Mental agility: A key ingredient for mental toughness

Change is tough. When you have a concrete plan, or even a rough idea of how something should unfold, you may perceive obstacles as a threat - and buckle under the pressure.

One characteristic of a mentally tough person is their ability to recognize challenges as neutral, make the necessary adjustments in a timely manner, and get back in the game. Instead of letting the stress consume them, they demonstrate resilience - leaning into the change, making shifts, and moving on.

So, how do you do that?

Like with any mental skill, practice is key. Practice building mental agility, or the ability to compensate and adjust. Note: I said “building”. I’m a firm believer that while a certain amount of resilience is inherent, the vast majority of it can be built over time.

On a micro level, develop the ability to be mentally flexible from moment to moment. You accept challenges as they come, make the necessary adjustments, and then refocus without losing too much time. The goal is to maintain the momentum of forward progress.

For a triathlete faced with a flat tire in a race, this may mean dealing with the immediate frustration (a deep breath always helps), changing the flat tire quickly, and getting back on the bike - letting go of that frustrating moment and refocusing on their cadence and power.

For an executive faced with a crisis situation, this may mean pausing momentarily to establish a level head, delegating as necessary, and then letting the situation go, so they can refocus on their main objectives for the day.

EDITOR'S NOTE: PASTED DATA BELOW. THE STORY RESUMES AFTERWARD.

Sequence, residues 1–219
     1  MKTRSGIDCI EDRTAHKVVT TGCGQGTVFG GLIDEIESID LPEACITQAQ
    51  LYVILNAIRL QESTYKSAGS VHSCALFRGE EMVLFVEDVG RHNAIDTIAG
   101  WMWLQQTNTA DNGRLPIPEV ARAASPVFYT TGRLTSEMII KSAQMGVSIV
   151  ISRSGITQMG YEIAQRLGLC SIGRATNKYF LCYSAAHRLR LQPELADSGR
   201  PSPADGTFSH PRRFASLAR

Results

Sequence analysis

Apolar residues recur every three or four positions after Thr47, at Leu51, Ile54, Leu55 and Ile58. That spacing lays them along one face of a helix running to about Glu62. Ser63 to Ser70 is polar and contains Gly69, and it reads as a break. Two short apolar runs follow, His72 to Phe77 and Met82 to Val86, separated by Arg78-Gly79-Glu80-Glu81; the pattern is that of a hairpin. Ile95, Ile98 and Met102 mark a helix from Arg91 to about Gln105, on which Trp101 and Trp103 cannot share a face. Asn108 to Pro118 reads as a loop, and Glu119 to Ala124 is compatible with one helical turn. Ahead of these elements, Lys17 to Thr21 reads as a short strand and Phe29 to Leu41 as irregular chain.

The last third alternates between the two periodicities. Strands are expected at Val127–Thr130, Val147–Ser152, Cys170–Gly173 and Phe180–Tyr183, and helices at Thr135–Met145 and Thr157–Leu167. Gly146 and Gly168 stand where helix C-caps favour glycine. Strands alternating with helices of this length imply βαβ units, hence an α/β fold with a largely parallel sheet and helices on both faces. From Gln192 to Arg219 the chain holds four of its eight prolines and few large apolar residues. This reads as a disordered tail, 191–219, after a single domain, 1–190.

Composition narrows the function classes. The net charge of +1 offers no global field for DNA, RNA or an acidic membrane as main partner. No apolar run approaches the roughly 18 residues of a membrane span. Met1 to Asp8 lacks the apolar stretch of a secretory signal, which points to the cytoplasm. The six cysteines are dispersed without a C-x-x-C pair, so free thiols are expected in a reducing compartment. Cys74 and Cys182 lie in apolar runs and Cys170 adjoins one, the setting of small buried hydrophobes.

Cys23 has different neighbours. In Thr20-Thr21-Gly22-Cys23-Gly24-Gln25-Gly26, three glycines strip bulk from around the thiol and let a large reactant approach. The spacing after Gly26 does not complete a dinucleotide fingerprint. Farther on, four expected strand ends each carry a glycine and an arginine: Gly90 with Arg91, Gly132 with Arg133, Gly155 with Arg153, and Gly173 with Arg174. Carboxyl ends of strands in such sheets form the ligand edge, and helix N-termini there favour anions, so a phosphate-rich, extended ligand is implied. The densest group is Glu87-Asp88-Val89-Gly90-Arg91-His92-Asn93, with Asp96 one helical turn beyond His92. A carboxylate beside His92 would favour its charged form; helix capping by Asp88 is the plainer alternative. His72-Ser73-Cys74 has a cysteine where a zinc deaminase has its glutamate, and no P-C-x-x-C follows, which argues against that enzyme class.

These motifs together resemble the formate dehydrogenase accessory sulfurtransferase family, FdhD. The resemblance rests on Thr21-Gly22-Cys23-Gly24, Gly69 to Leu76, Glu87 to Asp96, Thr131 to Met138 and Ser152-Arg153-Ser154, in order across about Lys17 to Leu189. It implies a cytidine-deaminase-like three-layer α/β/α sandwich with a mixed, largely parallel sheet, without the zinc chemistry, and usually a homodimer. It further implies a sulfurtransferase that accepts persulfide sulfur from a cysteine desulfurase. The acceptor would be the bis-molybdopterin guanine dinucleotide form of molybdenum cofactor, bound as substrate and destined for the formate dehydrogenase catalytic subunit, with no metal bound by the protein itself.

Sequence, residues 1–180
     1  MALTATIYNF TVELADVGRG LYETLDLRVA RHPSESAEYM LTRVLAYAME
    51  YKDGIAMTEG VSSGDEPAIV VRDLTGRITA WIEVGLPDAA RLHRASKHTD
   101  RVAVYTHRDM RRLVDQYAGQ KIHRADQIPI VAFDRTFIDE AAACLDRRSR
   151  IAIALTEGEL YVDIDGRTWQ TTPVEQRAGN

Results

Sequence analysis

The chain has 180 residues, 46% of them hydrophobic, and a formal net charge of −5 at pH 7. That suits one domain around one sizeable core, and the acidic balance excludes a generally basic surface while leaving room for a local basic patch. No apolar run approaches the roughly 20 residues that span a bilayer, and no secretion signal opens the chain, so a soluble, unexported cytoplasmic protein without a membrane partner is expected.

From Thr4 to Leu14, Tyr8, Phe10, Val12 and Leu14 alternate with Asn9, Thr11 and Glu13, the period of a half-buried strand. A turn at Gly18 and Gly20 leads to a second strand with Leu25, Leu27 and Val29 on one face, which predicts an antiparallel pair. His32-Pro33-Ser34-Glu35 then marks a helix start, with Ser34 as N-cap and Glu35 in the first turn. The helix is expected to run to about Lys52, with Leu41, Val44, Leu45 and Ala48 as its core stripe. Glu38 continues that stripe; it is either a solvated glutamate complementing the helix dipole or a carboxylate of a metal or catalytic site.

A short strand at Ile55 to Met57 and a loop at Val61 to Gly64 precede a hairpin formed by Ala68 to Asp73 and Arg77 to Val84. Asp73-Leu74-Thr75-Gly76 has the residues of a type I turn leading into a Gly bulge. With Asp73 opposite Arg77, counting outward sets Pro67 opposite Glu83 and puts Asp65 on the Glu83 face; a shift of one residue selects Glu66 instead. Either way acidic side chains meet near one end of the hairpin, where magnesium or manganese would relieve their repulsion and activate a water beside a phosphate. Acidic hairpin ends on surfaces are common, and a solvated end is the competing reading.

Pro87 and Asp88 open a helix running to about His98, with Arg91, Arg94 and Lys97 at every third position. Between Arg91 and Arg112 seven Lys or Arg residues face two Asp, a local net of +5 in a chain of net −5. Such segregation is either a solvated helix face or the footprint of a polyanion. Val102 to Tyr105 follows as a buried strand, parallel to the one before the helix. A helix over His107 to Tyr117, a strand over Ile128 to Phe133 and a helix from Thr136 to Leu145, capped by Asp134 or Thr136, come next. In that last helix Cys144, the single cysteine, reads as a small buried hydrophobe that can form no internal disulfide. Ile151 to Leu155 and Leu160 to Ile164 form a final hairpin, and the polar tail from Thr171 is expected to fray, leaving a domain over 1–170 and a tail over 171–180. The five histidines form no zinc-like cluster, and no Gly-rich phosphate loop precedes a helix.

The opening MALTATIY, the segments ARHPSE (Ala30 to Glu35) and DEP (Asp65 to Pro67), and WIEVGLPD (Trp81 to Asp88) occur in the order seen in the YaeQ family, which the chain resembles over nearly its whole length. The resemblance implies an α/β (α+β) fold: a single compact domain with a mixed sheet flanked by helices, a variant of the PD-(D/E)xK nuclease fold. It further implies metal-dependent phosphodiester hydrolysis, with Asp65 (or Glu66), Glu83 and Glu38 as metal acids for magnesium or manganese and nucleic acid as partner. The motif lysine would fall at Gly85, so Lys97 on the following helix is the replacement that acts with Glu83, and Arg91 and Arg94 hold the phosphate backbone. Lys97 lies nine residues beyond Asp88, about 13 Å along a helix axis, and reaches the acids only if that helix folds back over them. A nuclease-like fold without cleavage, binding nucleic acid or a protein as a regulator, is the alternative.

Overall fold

On a macro level, practice seeing change as different, instead of either good or bad, and then control the controllables (and nothing else). This is the key to building resilience.

For a basketball player with an ankle injury, they may be benched for 8+ weeks. Instead of being consumed by frustration, the mentally tough athlete manages the elements within their control (e.g. adhering to physical therapy, practicing imagery) and continues making forward progress, perhaps even recognizing that this injury allowed them to develop strength in other areas of their game or their body.

S*!# happens, but a mentally tough person doesn’t waste time or cognitive real estate reeling from every stressor. They create space for their emotions, recognize what needs to be done, make the necessary changes quickly, and keep moving forward.

As you apply this to your own life, pay attention to your response to stressful stimuli. When challenges arise, either big or small, are you able to make the necessary adjustments and get back on track toward your goal? Or, is the heightened stress overwhelming, causing you to stall any forward progression?